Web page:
Both (below) REXX programs have been tested with:

  •   PC/REXX             (can't execute correctly)
  •   Personal REXX   (can't execute correctly)
  •   Regina REXX
  •   R4
  •   ROO
  •   ooRexx                 (tested by Walter Pachl)
/*REXX program to calculate and demonstrate arbitrary precision numbers.*/
numeric digits 200000
 
n = 5 ** (4 ** (3 ** 2)) /*calc. multiple exponentations. */
 
check = 62060698786608744707...92256259918212890625
sampl = left(n, 20) || '...' || right(n, 20)
 
say ' check:' check
say 'sample:' sampl
say
if check==sampl then say 'passed!'
else say 'failed!'
/*stick a fork in it, we're done.*/

output

 check: 62060698786608744707...92256259918212890625
sample: 62060698786608744707...92256259918212890625
digits: 183231

passed!

[edit] automatic setting of digits

/*REXX program to calculate and demonstrate arbitrary precision numbers.*/
numeric digits 5 + 1 /*6 is needed (not 5) for ooRexx.*/
n=5** (4** (3** 2)) /*calc. multiple exponentations. */
 
parse var n 'E' pow . /*POW might be null, so N is OK.*/
 
if pow\=='' then do /*general case: POW might be < 0*/
numeric digits abs(pow)+9 /*recalc. with more digits.*/
n=5** (4** (3** 2)) /*calc. multiple exponentations. */
end
 
check = 62060698786608744707...92256259918212890625
sampl = left(n, 20)'...'right(n, 20)
 
say ' check:' check
say 'sample:' sampl
say 'digits:' length(n)
say
if check==sampl then say 'passed!'
else say 'failed!'
/*stick a fork in it, we're done.*/

output is the same as the 1st version.

ooRexx gives me 

      5 *-* n=5** (4** (3** 2))  /*calc. multiple exponentations. */
 Error 26 running Z:\huge.rex line 5:  Invalid whole number
 Error 26.8:  Operand to the right of the power operator (**) must be a whole number; found "2.6214E+5" 
Other Rexx-es don't??

No answer yet. numeric digits 6 at the start fixes the problem for ooRexx --Walterpachl (talk) 18:47, 5 November 2013 (UTC)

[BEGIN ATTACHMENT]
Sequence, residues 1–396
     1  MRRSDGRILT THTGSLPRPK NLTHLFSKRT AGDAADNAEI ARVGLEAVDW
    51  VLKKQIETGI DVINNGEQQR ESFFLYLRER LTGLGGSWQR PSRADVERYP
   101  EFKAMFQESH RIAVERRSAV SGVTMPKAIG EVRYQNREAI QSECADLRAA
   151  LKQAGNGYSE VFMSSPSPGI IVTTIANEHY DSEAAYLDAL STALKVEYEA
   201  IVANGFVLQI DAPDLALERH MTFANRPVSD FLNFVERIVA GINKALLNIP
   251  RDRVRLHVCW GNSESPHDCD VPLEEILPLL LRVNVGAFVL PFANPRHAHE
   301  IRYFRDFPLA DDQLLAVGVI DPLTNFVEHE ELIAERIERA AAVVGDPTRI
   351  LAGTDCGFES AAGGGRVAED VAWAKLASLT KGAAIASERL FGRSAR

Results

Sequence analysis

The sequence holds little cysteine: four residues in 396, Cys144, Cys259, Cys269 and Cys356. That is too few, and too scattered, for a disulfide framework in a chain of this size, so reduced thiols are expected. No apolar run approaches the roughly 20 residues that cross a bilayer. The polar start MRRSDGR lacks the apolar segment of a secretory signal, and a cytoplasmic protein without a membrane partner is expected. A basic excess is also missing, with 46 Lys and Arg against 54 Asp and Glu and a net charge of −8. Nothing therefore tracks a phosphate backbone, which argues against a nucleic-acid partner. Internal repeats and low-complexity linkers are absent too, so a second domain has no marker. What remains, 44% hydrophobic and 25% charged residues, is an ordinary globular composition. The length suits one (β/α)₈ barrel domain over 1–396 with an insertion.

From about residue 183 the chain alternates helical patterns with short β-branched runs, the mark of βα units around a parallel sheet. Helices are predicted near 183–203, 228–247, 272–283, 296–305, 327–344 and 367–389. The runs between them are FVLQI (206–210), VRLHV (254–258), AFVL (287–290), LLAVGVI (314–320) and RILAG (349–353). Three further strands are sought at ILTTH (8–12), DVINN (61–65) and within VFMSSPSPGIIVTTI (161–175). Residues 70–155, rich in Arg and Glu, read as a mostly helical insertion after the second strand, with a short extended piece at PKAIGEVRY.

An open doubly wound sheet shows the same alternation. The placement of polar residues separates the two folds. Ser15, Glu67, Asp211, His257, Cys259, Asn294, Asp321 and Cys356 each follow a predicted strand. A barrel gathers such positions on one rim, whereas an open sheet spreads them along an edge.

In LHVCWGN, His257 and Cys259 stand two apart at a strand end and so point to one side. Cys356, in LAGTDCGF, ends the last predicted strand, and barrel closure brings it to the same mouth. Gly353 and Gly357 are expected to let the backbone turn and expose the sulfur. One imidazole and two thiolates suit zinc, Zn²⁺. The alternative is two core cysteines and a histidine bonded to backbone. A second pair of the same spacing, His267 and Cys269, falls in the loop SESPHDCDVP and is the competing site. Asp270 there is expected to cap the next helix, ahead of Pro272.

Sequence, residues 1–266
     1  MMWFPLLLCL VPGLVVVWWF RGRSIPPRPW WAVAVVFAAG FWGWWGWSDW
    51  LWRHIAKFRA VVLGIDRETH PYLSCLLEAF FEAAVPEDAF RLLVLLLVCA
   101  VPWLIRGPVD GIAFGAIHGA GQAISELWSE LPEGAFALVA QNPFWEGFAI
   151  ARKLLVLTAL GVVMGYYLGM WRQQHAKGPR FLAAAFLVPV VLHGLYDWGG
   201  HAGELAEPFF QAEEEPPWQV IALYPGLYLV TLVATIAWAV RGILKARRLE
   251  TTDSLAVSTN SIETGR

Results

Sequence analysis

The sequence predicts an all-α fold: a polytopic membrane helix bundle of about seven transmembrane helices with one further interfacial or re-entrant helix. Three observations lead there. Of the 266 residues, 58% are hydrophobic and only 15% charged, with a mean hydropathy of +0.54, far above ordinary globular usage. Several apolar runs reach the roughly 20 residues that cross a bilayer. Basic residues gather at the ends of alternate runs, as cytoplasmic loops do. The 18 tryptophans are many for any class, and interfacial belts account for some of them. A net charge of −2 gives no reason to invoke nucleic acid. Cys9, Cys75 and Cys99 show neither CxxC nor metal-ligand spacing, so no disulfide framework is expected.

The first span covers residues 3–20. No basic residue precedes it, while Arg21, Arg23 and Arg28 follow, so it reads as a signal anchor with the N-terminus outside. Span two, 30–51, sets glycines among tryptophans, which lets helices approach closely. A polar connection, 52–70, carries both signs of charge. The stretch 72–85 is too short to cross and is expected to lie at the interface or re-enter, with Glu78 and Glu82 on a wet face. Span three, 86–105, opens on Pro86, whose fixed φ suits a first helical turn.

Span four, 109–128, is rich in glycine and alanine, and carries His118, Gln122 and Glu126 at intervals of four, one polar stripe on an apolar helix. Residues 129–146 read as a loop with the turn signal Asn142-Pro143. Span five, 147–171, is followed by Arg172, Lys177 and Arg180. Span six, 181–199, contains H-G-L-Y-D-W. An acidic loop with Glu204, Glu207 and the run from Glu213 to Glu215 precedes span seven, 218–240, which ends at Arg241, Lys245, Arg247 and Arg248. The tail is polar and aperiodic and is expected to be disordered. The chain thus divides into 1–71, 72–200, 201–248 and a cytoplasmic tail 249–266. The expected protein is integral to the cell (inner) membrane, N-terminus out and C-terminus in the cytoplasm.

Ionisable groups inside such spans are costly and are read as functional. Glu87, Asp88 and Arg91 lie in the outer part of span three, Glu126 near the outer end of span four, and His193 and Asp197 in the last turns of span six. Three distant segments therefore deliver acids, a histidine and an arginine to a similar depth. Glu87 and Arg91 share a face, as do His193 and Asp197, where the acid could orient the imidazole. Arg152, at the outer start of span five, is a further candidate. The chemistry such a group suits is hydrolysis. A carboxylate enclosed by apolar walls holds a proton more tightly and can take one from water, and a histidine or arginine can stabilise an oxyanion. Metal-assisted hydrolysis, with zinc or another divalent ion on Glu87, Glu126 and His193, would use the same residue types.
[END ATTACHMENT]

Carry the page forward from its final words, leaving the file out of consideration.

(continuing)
Yes, Regina and R4 are both very lenient (liberal?) in their usage of exponents.
Also, the (internal) subroutines of these REXXes may use a   numeric digits 9,
thereby bypassing the use/limit of numeric digits 5   (as in the older/replaced 2nd version).

[edit] Ruby

Ruby comes with built-in support for arbitrary precision integers. The type of arbitrary precision integers is Bignum; overflowing operations on Fixnum's are automatically converted into Bignum's.

irb(main):001:0> y = ( 5**4**3**2 ).to_s; puts "5**4**3**2 = #{y[0..19]}...#{y[-20..-1]} and has #{y.length} digits"
5**4**3**2 = 62060698786608744707...92256259918212890625 and has 183231 digits
Output:
$ time ruby19 -e 'y = ... digits"'
5**4**3**2 = 62060698786608744707...92256259918212890625 and has 183231 digits
    0m0.52s real     0m0.47s user     0m0.05s system

[edit] Run BASIC

x$ = str$( 5^(4^(3^2))) 
print "Length:";len( x$)
print left$( x$, 20); "......"; right$( x$, 20)
Output:
Length:183231
62060698786608744707......92256259918212890625

[edit] Sather

class MAIN is
main is
r:INTI;
p1 ::= "62060698786608744707";
p2 ::= "92256259918212890625";
 
-- computing 5^(4^(3^2)), it could be written
-- also e.g. (5.inti)^((4.inti)^((3.inti)^(2.inti)))
r  := (3.pow(2)).inti;
r  := (4.inti).pow(r);
r  := (5.inti).pow(r);
 
sr ::= r.str; -- string rappr. of the number
if sr.head(p1.size) = p1
and sr.tail(p2.size) = p2 then
#OUT + "result is ok..\n";
else
#OUT + "oops\n";
end;
#OUT + "# of digits: " + sr.size + "\n";
end;
end;
Output:
result is ok..
# of digits: 183231

[edit] Scala

Scala does not come with support for arbitrary precision integers powered to arbitrary precision integers, except if performed on a module. It can use arbitrary precision integers in other ways, including powering them to 32-bits integers.

scala> BigInt(5) modPow (BigInt(4) pow (BigInt(3) pow 2).toInt, BigInt(10) pow 20)
res21: scala.math.BigInt = 92256259918212890625
 
scala> (BigInt(5) pow (BigInt(4) pow (BigInt(3) pow 2).toInt).toInt).toString
res22: String = 6206069878660874470748320557284679309194219265199117173177383244
78446890420544620839553285931321349485035253770303663683982841794590287939217907
89641300156281305613064874236198955114921296922487632406742326659692228562195387
46210423235340883954495598715281862895110697243759768434501295076608139350684049
01191160699929926568099301259938271975526587719565309995276438998093283175080241
55833224724855977970015112594128926594587205662421861723789001208275184293399910
13912158886504596553858675842231519094813553261073608575593794241686443569888058
92732524316323249492420512640962691673104618378381545202638771401061171968052873
21414945463925055899307933774904078819911387324217976311238875802878310483037255
33789567769926391314746986316354035923183981697660495275234703657750678459919...
scala> res22 take 20
res23: String = 62060698786608744707
 
scala> res22 length
res24: Int = 183231
 
scala>

[edit] Scheme

R4RS and R5RS encourage, and R6RS requires, that exact integers be of arbitrary precision.